Tuesday, January 06, 2009


More on Glen Greenwald

I half listened yesterday to Hugh Hewitt interview Glen Greenwald about the Israeli bombardment and armed incursion into Gaza; and Greenwald sounded much more reasonable than he did in his recent writing, about which I have commented. However, then I read the transcript, and Greenwald is again proven, by Hugh's careful questioning, to be basically ignorant of the essential nature of Hamas and a groundless Pollyanna about the likelihood of a successful diplomatic solution to the incessant, illegal bombardment by Palestinians in Gaza of Israel by rocket and mortar.

Here are the two central problems with Greenwald's Weltanshaung.

1. He thinks that the United States, sneak attacked and declared war on by Japan and then declared war on by Germany in December, 1941, waged a disproportional war against those two nations. (Or perhaps he doesn't as he immediately retracted, but then said WWII was fundamentally different from the long Israeli-Arab conflict, so that different rules applied).

2. He thinks that Hamas in particular and the Palestinians in general can be counted on to respond well to appeasement and poorly to having war waged back against them.

He kept conflating Gaza with the West Bank but it is not the West Bank which has sent thousands of rockets and mortar rounds into Israel. He said, as all lefty armchair generals say, that there is no military solution and worse, bombing Hamas leaders, fighters, infrastructure and weapons caches will be counterproductive.

HH: Well, that brings me back, then, to the actual concrete steps that you think Israel ought to be doing, because should they negotiate despite the fact that 7,200 missiles have fallen on their land over five years?

GG: Well, I mean I think you know, those are a lot of missiles, the damage that has been done relative to the damage inflicted on the Palestinians over the course of that time period, of course, is something like 1/100th of the number of Palestinians who have been killed during that same time. So the rockets are definitely a problem. The government can’t allow rockets to be shot into their civilian populations. There’s no question about that. The question is what is the more effective course for ending terrorism? Is it to find a diplomatic solution, to offer concessions, even if they’re unilateral concessions, that diffuse the anger in the population? You know, we’re going to dismantle these settlements in the West Bank, we’re going to give you the right to control your own airspace, we’re going to let you have an airport, we’re going to stop blockading medicine that your children need. If you start doing that, isn’t that more likely to diffuse the extremism that feeds terrorism?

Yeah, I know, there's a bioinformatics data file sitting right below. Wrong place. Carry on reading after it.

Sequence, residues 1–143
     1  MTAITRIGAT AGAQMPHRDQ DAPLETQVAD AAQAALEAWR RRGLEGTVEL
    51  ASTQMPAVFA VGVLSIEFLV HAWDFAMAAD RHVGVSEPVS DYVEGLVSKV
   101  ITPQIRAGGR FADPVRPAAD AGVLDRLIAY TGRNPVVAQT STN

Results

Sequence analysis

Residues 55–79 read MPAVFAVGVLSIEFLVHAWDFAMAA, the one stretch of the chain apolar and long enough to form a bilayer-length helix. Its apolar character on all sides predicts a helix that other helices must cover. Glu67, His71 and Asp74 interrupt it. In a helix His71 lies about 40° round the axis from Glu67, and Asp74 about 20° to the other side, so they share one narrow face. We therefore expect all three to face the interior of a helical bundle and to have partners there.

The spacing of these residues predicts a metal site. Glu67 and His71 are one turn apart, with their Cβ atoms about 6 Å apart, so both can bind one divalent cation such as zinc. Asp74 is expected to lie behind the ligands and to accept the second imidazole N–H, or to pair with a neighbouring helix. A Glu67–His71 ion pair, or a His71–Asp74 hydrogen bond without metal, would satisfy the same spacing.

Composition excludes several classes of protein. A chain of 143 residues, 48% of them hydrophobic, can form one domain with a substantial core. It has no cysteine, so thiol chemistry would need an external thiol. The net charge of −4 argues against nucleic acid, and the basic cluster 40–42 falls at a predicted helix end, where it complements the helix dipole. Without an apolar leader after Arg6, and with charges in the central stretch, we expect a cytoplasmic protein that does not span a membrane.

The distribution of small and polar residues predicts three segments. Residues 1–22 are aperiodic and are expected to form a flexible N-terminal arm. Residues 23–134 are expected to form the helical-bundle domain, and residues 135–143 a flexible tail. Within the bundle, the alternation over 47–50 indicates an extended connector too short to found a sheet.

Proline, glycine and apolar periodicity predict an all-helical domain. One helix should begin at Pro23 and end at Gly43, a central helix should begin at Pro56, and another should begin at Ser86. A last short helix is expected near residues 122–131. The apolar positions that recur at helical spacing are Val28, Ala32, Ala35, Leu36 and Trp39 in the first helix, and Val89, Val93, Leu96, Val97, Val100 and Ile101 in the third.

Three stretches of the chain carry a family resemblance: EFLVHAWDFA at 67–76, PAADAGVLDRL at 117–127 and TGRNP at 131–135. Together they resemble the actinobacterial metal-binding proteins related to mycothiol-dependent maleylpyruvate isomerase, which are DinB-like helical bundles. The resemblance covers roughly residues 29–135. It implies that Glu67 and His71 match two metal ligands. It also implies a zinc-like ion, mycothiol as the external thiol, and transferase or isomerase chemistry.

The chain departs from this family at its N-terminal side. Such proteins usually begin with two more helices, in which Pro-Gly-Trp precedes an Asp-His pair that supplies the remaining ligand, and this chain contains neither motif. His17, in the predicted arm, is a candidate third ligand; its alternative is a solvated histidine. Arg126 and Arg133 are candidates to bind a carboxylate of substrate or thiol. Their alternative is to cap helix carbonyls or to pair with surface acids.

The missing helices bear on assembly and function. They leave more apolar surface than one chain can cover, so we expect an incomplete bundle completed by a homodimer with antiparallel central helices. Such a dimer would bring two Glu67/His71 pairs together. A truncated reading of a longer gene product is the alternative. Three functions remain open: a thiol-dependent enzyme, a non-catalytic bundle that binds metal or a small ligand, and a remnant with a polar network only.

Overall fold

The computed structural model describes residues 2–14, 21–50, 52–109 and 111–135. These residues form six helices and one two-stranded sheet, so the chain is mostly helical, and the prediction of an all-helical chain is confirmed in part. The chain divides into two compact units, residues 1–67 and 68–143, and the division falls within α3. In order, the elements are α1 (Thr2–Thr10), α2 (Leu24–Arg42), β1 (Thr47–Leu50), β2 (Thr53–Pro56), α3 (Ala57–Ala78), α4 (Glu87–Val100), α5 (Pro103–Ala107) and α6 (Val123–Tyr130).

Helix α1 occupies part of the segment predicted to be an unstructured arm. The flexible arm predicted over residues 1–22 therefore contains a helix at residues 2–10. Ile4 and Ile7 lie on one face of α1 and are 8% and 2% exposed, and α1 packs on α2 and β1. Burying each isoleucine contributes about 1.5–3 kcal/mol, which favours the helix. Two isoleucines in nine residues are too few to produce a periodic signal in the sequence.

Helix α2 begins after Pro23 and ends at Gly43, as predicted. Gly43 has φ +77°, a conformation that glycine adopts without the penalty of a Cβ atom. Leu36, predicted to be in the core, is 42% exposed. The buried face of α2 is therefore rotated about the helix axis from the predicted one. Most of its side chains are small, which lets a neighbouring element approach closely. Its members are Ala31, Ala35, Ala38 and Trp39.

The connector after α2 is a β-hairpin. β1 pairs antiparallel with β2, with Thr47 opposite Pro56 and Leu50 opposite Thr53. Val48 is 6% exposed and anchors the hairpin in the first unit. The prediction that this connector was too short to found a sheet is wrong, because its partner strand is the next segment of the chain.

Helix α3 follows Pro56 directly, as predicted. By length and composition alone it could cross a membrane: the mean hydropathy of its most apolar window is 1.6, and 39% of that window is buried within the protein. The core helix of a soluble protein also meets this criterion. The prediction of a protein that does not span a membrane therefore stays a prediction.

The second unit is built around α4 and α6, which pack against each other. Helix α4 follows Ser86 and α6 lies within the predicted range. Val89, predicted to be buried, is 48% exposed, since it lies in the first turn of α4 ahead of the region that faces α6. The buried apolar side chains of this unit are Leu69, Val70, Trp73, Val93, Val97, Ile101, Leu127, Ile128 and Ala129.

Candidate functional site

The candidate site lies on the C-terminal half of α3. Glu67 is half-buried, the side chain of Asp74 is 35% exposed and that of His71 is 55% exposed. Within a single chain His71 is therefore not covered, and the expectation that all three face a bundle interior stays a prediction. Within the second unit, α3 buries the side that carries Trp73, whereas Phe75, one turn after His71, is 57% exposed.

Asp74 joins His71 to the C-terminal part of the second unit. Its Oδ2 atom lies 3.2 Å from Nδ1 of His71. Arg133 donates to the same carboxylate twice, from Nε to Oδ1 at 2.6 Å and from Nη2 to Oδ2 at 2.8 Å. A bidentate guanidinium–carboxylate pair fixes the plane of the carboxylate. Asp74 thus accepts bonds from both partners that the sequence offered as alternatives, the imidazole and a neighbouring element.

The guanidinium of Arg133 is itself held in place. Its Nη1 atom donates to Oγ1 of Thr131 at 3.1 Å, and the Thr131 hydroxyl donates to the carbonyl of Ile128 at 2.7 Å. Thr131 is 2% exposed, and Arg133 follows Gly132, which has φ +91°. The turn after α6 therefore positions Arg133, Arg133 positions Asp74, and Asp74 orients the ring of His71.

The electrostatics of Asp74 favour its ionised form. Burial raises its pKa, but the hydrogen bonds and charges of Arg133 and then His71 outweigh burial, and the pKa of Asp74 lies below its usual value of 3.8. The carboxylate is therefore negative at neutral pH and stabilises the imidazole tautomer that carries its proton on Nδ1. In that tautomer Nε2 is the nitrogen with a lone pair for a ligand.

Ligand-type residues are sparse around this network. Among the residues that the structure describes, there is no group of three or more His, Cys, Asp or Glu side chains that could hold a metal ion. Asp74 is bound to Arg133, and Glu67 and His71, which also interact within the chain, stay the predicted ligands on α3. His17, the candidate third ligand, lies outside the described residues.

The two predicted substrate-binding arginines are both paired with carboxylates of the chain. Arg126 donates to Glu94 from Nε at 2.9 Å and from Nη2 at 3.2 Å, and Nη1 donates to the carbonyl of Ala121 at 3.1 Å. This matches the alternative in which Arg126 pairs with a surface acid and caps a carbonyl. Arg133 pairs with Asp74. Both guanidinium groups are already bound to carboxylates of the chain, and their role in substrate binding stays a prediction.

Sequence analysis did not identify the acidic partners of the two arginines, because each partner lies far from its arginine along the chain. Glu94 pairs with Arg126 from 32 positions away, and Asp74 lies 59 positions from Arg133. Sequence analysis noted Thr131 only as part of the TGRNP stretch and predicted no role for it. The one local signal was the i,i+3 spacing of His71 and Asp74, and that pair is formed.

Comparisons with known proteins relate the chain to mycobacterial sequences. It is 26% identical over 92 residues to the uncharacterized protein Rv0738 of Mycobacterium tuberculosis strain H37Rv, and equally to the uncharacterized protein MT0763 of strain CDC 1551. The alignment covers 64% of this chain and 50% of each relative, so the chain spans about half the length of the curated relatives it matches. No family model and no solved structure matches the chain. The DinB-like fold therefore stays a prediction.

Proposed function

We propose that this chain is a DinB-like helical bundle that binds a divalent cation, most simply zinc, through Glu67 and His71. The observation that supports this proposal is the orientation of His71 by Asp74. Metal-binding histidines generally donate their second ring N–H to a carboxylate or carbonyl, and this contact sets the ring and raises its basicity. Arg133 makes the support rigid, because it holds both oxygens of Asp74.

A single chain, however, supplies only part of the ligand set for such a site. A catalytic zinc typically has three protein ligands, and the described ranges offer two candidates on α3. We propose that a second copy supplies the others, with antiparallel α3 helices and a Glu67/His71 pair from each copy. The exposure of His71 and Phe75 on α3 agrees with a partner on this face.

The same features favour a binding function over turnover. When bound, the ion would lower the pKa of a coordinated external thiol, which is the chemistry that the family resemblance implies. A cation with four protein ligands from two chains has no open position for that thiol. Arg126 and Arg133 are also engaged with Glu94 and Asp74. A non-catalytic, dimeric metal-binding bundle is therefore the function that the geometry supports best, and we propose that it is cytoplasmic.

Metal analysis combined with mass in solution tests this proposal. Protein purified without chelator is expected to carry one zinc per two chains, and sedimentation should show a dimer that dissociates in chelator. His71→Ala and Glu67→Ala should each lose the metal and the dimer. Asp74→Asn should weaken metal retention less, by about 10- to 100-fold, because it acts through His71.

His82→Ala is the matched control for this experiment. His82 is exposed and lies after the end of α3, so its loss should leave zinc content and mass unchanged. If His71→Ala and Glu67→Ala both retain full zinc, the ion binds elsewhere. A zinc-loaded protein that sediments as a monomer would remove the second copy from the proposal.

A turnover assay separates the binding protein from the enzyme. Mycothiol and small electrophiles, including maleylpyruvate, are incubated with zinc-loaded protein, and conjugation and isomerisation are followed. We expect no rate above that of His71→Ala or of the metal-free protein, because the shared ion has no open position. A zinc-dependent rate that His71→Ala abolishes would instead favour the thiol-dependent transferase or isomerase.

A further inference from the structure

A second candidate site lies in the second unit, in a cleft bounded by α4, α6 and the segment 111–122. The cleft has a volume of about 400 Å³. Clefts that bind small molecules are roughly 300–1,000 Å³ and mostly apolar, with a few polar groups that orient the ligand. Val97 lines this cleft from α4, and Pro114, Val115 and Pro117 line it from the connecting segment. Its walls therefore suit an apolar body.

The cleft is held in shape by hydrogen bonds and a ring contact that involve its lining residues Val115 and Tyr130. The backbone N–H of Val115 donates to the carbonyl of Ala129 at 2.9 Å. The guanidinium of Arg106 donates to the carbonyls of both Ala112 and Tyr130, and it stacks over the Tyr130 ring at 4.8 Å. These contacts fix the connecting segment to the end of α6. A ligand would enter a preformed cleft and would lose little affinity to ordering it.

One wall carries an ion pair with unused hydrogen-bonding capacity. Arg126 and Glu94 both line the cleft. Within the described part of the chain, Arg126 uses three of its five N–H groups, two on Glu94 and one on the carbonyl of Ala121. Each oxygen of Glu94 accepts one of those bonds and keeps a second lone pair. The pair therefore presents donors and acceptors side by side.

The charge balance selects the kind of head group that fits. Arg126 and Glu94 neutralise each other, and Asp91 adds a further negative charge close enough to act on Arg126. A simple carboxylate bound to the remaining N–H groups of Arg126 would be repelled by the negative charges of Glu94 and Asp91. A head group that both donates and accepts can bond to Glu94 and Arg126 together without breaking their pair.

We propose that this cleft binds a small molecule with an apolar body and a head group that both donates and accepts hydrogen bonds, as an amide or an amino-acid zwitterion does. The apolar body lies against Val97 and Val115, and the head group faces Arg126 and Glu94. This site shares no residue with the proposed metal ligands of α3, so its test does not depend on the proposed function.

When Hugh pointed out that such appeasement was similar to the West's appeasement of Hitler in the 30s, Greenwald had this to say:

Would [military force] have been justifiable after only Austria and not before Czechoslovakia or Poland? You know, that’s hard to say. But certainly once a country starts indicating that they are a threat to their neighbors and to world security, and have the ability to carry that out, then force becomes something that is a lot more justifiable. (Emphasis added).

So because the missiles and mortar rounds used by Palestinians in Gaza to bombard Israel over the past few years are limited in number and range, Israel is not able to respond morally and legally. They just have to take it and give additional appeasement. (That total withdrawal from Gaza unilaterally was not a sufficient appeasement to produce peace in Gaza is wholly ignored by Greenwald). What action Israel could take against Iran armed with nuclear tipped missiles which could reach Prague, for example, is apparently part of that different matter. I would fully expect Greenwald to condemn without reservation an IDF airstrike on Iranian nuclear facilities. We'll find out soon.

As a final issue:

Israel, when it withdrew completely from what I guess is Egyptian territory, the Gaza strip, did not open the border crossing between Gaza and Israel to export from Gaza, for sound security reasons. The Israelis allowed imports of humanitarian aid into Gaza, as they continue to do (just as Israel supplies about 3/4 of the electrical power in Gaza). The sole egress from the strip was to be through Egypt. Here is what was proposed. Here is how the Palestinians, and especially Hamas, screwed up that proposed (and, for a while, actual open) border crossing. That Egypt continues to close that border crossing is hardly I think Israel's fault. Right thinking people know whom to blame.

Brilliant Andy McCarthy has some very good thoughts on the general subject. Neither Israel nor the U.S. have agreed to be bound by so called international law touted by the left and clueless, toothless old Europe. Who knew?


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